Last night at the Nursing Times Awards we paid tribute to the 11 trusts that received the victims of the terror attacks in Westminster, London Bridge and Manchester.
Many of the nurses that we have spoken to who cared for victims of the terror attacks told us they saw things they had never seen before – particularly in Manchester on 22 May where the wounds were described to us as akin to things you would see in a war zone.
When incidents like these happen, or the fire at Grenfell, those hospitals that are trauma centres have to rally and accept patients in greater volume than they are used to, and often with injuries they are unused to seeing in such numbers.
Nurses spoke of the images of those patients they saw staying with them forever, and of finishing their shifts and going home to cry.
“Tragically, one of the trust’s nurses – Kirsty Boden – also paid the ultimate price and lost her life”
Guy’s and St Thomas’ twice had terror attacks on its doorstep – and as others ran from Westminster Bridge on 22 March, its nursing staff ran towards the patients with towels to help to try and offer them help, which was rightly lauded by the national media.
Tragically, one of the trust’s nurses – Kirsty Boden – also paid the ultimate price and lost her life while looking after the victims of the terror attack on London Bridge on 3 June.
But it is not just those nurses working in the trauma centres that must rise to the challenge. Neighbouring hospitals have worked hard to free up beds so that other patients from the hospitals receiving the casualties of the major incident can be moved there.
What is also vital is the work of mental health nurses, bereavement counselling services and other support services that help heal not just the physical scars but the emotional and mental wounds inflicted during these dreadful events.
“It may be just doing their jobs, it may be what many of them feel they trained for – but these are extraordinary times”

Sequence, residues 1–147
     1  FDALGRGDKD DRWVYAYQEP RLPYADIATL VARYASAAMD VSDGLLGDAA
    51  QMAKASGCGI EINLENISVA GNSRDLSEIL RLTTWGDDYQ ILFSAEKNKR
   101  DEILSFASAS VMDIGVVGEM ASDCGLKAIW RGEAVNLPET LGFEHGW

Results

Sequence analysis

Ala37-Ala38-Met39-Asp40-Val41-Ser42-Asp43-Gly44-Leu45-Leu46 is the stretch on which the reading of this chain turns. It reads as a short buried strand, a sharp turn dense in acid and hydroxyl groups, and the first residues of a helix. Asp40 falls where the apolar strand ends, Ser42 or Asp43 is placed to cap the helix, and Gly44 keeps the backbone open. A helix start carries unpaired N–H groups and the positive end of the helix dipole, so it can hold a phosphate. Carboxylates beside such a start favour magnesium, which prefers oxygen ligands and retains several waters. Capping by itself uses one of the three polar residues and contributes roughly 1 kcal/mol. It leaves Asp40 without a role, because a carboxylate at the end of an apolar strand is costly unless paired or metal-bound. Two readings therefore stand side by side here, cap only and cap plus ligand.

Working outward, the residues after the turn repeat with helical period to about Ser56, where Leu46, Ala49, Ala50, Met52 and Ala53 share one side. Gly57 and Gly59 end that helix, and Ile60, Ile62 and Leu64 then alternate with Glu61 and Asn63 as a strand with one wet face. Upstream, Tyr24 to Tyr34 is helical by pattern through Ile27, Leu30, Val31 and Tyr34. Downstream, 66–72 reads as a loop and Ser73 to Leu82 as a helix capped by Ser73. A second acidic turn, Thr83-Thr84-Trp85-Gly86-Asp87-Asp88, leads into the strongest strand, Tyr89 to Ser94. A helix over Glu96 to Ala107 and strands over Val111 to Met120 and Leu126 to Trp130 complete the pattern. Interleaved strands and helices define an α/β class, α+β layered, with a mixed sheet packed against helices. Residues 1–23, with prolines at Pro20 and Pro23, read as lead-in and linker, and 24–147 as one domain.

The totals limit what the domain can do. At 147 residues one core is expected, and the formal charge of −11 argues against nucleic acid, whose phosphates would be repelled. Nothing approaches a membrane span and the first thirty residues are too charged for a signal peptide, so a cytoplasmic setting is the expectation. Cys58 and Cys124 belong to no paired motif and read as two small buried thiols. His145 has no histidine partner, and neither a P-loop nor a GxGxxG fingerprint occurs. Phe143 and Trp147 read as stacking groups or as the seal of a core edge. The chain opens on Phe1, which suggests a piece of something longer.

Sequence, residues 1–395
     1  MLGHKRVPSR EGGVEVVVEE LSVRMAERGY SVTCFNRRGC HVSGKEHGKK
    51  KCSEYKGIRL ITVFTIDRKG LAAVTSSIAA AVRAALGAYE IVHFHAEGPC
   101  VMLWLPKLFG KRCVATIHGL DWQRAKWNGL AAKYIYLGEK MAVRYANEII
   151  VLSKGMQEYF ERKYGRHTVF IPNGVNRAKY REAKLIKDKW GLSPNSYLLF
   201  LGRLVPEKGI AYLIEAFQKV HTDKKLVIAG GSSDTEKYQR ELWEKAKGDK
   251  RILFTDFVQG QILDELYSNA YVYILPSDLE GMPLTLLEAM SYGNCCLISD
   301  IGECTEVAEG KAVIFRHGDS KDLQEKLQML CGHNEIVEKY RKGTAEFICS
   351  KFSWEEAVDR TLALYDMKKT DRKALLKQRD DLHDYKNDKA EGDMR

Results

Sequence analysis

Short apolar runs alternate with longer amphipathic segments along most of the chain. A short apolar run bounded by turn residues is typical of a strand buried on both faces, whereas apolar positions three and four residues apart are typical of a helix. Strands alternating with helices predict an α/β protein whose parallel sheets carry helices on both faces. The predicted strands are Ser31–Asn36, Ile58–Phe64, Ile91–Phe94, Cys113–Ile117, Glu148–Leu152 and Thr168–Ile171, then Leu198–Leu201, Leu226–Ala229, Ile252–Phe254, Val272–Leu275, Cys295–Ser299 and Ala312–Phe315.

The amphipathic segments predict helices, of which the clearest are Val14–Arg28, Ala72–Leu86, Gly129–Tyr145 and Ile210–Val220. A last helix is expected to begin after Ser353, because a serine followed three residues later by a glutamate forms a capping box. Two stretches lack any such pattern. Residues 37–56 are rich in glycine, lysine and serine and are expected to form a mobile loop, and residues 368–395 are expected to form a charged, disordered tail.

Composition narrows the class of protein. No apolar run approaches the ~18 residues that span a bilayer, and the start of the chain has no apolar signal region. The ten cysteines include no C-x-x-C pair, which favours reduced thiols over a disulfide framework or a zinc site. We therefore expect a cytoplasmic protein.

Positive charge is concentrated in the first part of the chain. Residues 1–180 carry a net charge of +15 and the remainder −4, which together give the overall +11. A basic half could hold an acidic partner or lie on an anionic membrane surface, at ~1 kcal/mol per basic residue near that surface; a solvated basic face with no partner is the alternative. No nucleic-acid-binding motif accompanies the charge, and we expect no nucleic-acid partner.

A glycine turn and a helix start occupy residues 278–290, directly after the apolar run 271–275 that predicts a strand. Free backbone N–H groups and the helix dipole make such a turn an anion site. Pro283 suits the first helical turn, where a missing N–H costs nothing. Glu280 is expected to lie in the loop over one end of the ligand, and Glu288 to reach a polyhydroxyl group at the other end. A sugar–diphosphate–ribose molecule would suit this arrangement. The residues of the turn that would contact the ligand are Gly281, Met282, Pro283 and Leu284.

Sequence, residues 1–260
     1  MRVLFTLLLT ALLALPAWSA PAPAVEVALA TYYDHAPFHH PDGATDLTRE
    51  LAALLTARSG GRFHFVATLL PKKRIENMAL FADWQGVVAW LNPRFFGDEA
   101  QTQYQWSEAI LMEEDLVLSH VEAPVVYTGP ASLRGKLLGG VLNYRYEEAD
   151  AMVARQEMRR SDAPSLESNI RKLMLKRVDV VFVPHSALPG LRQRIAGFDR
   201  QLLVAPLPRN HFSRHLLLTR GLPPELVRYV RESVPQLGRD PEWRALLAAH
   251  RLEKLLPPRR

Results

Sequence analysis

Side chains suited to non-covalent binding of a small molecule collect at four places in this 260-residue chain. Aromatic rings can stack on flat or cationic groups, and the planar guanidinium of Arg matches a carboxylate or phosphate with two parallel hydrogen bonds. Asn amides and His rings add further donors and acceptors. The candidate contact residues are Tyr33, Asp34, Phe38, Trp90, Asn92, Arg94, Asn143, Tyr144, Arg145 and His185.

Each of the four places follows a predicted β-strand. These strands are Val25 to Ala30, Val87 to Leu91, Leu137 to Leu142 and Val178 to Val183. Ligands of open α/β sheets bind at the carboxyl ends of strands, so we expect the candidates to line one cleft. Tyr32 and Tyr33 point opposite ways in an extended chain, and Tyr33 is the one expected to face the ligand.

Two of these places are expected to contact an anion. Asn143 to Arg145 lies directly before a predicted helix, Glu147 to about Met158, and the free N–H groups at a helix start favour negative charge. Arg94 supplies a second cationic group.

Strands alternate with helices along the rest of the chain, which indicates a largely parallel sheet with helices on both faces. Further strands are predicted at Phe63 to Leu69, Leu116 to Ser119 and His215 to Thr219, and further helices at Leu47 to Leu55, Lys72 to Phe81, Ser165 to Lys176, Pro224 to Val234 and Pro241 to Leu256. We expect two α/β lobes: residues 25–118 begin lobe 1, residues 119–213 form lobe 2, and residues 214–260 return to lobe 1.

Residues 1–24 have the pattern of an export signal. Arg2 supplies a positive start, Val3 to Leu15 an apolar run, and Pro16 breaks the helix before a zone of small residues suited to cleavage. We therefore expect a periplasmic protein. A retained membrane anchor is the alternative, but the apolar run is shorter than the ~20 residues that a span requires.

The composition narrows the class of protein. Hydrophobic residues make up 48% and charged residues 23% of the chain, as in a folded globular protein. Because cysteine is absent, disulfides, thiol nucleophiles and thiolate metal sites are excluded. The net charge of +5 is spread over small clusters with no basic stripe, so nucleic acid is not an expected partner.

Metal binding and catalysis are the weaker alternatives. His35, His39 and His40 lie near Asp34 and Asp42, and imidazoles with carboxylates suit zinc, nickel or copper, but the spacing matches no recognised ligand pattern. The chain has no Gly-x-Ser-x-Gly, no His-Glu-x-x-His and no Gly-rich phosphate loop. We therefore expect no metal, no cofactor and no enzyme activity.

What we’ve seen in the London and Manchester terror attacks is the NHS at its very best – collaborating, calm and professional – when it was already under immense pressure.
The special awards we gave to each trust involved is clearly disproportionate to the huge sacrifice, courage and effort that has been made by nurses and the teams who have seen so much and given so much. A trophy hardly seems to convey the immense pride we have in this bit of the profession or be in any way enough to say thank you for the brave and tireless work they do.
But it seemed fitting that, as we celebrated the achievements of this year’s 2017 Nursing Times Awards winners for their teamwork, skills and innovations that are making care safer and better, we paid tribute to those nurses who have done something amazing.
It may be just doing their jobs, it may be what many of them feel they trained for – but these are extraordinary times, and to do the day job takes an extraordinary nurse.
So, to all the nurses and teams involved in looking after patients of these attacks – and all the organisations who supported them – thank you. I hope you know how much the public and we at Nursing Times appreciate your bravery and selflessness – and most of all your skill and professionalism when we need it most.